Thursday, August 24, 2006

Character above all

Like many Americans I remain haunted by the legacy that is Richard Nixon. Although in my own act of historical reinterpretation, I no longer singly cast him as the Darth Vader of egregious south-east Asian policy, resulting in a million Indo-Chinese deaths. Sadly, we have moved on since Nixon. No longer does standing accused of subverting the Constitution, or torturing millions of innocent people, result in excommunication from political life. No, in our times, it signals re-election.

And so it was with nostalgic tendencies that I braced against the rising floodwaters of Covent Garden last night to see the world premiere of Frost/Nixon at the Donmar Warehouse. And whilst a simple retelling of one of the most famous moments in American history would have sufficed, Peter Morgan delivered so much more. Frost/Nixon is a thriller-like, edge of your seat recreation of how in 1977 the only man to ever resign from the U.S. Presidency, played out his guilt to the legendary British journalist, David Frost, before the largest-ever TV audience for a news interview.

On the surface, the play appears to posit Frost (played by Michael Sheen) and Nixon (played by Frank Langella) as conventional contenders in a boxing ring. In one corner, the supposed lightweight but flailing British talk show host: in the other, the austere remnants of power unflaggingly personified. And like any good fight, the challenger is hooked, jabbed and belted (here in the form of three failed interviews) before delivering the final knock out punch.

If not already obvious that Morgan is not interested in just a history on legs production, the plot is infused with interpretation. Morgan offers the audience a viewpoint of ostensible common ground between interviewer and interviewee: Nixon was disgraced, looking to rehabilitate himself; and Frost had lost his network talk show in the US and was looking to resurrect his career. A symbiotic relationship defined the two: both reputations hinged on the show's success. (Think Tom Cruise and any hapless talking head keen to interview him).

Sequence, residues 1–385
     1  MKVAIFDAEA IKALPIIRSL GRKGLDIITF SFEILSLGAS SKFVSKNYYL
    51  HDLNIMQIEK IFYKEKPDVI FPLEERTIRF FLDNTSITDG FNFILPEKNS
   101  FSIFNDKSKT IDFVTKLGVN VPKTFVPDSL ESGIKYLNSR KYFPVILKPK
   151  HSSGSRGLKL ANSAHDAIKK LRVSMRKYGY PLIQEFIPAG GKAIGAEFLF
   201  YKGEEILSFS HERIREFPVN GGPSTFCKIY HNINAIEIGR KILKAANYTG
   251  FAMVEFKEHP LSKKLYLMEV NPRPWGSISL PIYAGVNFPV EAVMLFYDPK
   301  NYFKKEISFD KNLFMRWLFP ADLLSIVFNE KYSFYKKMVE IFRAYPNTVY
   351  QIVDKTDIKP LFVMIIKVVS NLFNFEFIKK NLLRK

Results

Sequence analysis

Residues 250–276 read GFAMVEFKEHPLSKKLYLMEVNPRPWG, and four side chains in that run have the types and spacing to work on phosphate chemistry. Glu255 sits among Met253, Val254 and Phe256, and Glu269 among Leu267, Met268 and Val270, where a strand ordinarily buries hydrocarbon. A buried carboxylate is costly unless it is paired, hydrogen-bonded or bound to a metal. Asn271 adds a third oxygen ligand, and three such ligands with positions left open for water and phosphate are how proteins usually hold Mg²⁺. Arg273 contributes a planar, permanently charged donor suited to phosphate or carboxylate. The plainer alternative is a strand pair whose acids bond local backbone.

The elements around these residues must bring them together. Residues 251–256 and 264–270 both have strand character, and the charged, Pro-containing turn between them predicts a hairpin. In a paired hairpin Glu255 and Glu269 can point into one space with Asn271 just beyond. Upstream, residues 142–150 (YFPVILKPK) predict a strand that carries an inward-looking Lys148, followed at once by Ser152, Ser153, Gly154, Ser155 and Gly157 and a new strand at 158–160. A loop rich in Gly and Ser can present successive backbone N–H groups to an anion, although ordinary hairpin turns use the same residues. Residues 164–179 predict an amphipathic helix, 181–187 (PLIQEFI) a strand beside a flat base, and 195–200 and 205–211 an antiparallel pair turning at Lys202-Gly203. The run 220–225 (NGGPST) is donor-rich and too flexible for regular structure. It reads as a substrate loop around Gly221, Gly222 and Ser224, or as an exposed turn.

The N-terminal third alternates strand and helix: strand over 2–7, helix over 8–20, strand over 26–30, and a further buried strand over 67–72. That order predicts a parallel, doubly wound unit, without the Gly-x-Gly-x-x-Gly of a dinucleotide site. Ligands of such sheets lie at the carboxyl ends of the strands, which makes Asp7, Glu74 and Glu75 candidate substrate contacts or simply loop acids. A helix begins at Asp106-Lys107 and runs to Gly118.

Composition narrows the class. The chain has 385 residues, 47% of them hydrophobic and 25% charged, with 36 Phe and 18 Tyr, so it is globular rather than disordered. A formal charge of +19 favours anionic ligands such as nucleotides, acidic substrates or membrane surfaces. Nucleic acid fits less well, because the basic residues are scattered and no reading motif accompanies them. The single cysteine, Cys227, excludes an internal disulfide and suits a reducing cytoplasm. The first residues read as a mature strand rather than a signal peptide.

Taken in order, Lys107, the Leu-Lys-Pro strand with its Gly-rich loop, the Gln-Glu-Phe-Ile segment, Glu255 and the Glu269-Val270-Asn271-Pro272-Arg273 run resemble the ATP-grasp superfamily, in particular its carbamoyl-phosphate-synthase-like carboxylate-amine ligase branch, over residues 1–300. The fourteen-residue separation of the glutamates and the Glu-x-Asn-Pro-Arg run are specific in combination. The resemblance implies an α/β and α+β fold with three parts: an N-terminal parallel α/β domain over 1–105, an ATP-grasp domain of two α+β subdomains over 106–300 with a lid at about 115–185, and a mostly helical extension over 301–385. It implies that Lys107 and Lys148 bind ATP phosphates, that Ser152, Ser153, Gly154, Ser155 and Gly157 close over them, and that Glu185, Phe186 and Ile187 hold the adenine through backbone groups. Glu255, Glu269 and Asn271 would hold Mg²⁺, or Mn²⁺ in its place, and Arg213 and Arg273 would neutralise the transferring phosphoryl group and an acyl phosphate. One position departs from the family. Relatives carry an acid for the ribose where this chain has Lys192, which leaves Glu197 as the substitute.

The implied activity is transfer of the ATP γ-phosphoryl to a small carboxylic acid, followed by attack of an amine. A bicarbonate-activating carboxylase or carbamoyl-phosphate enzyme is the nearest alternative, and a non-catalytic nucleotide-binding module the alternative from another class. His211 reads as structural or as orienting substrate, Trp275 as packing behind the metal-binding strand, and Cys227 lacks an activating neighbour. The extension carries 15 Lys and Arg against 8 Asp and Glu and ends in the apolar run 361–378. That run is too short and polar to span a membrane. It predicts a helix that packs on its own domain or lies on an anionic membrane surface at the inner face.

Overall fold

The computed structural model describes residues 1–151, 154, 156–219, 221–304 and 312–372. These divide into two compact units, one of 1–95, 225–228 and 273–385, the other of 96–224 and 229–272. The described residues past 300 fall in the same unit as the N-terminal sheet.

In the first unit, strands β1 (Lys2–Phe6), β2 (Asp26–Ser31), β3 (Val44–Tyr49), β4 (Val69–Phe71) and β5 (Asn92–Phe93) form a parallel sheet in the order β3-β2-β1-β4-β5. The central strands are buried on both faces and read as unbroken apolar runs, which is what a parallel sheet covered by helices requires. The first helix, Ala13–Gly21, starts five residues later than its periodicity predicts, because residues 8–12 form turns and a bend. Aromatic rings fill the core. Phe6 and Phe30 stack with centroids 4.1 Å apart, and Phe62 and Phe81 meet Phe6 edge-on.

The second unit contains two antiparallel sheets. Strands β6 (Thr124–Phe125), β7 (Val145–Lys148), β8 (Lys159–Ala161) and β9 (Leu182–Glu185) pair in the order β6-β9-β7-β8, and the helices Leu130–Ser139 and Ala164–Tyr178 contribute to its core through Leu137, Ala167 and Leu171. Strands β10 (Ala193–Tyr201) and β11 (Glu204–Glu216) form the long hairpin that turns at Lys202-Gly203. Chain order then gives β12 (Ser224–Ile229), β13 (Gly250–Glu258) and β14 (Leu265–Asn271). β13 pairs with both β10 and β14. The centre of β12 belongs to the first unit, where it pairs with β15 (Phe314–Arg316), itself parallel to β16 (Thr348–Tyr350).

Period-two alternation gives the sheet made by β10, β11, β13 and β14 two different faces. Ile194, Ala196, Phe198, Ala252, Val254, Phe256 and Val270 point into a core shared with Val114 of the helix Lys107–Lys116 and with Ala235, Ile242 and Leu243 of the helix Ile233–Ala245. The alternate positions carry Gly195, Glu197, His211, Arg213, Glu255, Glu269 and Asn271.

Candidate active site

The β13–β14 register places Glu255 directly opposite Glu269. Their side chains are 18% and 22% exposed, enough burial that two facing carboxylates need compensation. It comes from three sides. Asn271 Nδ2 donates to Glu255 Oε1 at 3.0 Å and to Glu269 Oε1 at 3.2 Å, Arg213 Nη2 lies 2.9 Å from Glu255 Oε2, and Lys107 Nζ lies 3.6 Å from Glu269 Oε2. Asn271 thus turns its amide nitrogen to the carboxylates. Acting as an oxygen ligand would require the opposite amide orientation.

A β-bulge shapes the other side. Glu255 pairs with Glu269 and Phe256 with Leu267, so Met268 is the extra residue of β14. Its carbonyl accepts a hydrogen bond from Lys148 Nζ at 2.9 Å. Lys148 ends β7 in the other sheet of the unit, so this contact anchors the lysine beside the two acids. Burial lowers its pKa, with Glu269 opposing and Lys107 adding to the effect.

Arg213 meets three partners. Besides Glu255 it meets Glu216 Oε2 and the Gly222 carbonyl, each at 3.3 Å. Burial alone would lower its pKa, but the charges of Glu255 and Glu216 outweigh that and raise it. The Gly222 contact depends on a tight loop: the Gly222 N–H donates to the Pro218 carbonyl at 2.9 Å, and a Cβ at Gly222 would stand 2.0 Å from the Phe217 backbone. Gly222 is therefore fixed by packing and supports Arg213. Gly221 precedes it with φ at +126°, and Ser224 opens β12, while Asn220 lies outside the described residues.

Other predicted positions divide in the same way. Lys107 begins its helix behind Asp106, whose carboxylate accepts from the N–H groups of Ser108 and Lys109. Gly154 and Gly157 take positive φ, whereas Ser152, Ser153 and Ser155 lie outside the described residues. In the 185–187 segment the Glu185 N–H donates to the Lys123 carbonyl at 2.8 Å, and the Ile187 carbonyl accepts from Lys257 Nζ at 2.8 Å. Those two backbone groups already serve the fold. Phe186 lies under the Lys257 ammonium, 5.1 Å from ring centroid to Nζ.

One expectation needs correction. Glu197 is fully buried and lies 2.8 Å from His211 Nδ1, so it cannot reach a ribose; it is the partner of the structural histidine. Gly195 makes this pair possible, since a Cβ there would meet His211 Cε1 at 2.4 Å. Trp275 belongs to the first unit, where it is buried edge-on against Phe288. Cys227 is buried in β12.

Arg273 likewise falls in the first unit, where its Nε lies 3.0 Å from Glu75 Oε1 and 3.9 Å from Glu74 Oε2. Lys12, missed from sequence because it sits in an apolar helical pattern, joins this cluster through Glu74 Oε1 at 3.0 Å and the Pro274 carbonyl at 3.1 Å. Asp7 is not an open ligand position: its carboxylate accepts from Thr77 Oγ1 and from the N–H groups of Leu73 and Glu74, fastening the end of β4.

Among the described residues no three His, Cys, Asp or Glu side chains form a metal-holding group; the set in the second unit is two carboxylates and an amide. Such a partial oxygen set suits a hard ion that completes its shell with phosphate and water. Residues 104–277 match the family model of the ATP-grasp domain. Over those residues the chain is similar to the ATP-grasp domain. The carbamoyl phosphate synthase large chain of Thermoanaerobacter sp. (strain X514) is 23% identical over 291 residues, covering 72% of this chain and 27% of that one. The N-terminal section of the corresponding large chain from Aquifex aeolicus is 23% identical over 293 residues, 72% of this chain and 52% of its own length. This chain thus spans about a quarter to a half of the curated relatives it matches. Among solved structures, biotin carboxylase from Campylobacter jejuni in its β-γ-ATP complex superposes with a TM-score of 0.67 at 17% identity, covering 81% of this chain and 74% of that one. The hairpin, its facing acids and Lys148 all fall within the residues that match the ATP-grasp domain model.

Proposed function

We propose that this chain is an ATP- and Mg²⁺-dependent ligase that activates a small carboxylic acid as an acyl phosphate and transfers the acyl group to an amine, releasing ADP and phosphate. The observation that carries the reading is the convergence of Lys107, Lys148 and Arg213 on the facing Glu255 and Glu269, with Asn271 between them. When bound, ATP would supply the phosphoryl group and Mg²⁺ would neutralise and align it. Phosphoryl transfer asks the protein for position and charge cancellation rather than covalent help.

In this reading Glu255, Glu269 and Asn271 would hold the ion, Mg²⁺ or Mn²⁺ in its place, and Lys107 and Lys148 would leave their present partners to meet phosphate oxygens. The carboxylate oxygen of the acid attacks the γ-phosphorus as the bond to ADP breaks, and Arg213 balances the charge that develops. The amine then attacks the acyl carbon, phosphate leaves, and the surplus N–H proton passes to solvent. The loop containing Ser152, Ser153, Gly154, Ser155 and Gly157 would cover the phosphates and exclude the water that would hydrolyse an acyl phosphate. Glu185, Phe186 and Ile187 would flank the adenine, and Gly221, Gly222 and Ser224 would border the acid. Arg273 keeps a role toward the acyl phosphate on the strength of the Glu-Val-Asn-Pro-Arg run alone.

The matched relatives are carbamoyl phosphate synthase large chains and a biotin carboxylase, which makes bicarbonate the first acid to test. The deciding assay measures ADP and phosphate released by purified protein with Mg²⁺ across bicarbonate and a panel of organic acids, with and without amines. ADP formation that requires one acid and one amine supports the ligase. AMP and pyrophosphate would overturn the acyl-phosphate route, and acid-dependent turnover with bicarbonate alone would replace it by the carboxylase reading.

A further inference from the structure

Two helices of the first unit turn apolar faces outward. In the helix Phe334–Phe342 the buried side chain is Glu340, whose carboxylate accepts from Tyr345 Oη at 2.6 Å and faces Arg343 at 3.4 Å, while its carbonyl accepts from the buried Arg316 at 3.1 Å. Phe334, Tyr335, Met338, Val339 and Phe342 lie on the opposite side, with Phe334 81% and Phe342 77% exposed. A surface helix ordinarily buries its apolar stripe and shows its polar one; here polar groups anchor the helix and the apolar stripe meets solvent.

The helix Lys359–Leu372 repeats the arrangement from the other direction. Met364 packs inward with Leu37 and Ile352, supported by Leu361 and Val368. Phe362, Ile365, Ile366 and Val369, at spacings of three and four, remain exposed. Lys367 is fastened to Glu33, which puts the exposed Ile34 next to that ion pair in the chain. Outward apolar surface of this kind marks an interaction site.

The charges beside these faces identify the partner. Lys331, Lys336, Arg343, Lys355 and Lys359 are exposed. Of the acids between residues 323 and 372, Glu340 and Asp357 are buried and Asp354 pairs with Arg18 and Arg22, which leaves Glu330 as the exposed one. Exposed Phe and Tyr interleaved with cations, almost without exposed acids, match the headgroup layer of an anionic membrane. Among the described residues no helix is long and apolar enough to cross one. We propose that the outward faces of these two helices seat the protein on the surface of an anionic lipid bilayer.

Morgan refrains from drawing axiomatic contemporary parallels. However, you don't have to be a Guardian reading, Cameron disparaging, Clinton defender to spot similarities between the Nixon White House attacks on the American media's alleged bias and those made under Bush. And herein my nostalgic appetite was satisfied. It's easy to say, and it often is said, that had Nixon come clean about Watergate in the beginning, when he had no direct responsibility, the affair would quickly have blown over and he would have survived.

But out from under the gripping power of Frost/Nixon you wonder if maybe, just maybe, in this instance things did happen for a (right) reason. Unlike Frost whose charismatic, self assurance lent itself to the camera, Nixon never trusted nor fully understood television. Think Clinton vs. Bush, but invert powers of intellect. A heroic stretch of the imagination, I realise. Yet, rather akin to picturing how Nixon, a solitary, introverted persona, would have survived in an era increasingly dominated by the boob tube. So maybe in the end it was Nixon's prescience, rather than reluctance, that told him to bow out.

And that is part of Frost/Nixon's hypnotising power, it appeals to our sense of nostalgia for seemingly 'simpler' considerations. Well, that and, for me, the writing of my own happy ending.

Book now, before media frenzy kicks off in full:

If I were a betting (wo)man, I would predict a West End transfer followed by Broadway so get in while you can. For best value ring the day of the performance for standing seats at £7.50. Running time is 155 minutes and the theatre is small so it's one of the best, unobstructed views in the house.

Until 7th Oct
Donmar Warehouse, 41 Earlham Street, WC2
Tel 0870 060 6624,
£15-£29, £7.50 standing

Wednesday, August 23, 2006

One step for W1, a big step for Londoners

It was with smug delight that I came across the latest location for Alan Yau's, creator of Wagamama, Busaba Eatthai.

But first let me ward off any tipsters waiting to pounce, I am using 'latest' here to mean latest to me, not necessarily wallpaper-yet-to-dry latest. But this should never stop us. For if you applied the same principle to telly, say, you could never watch the evening news or Match of the Day, because it happened before you knew about it. Ah, unless your sensibilities are the reason we have programmes like Love Island and Big Brother. It is all coming together now. No, trend-making anxieties aside for today, let's abide by the 'if we didn't know about it, it's new to us' principle.

So I found myself strolling down Oxford Street at 9PM last night, after a brief bout of retail therapy in HMV (incidentally, how could The Best of Nina Simone be £2.99 after Christmas sales and £13.99 after summer ones?) and The Gap (sorely disappointing this season ladies, I am afraid), looking for a quick 'fill a hole' bite to eat. As it were, I was en route to Wagamama's when I stumbled upon (used with literal intent) Busaba Eathai, the Thai restaurant with an unpronounceable, imperceptible logo. But, rather than generate confusion it generates interest (the queues at the Wardour Street location are legendary).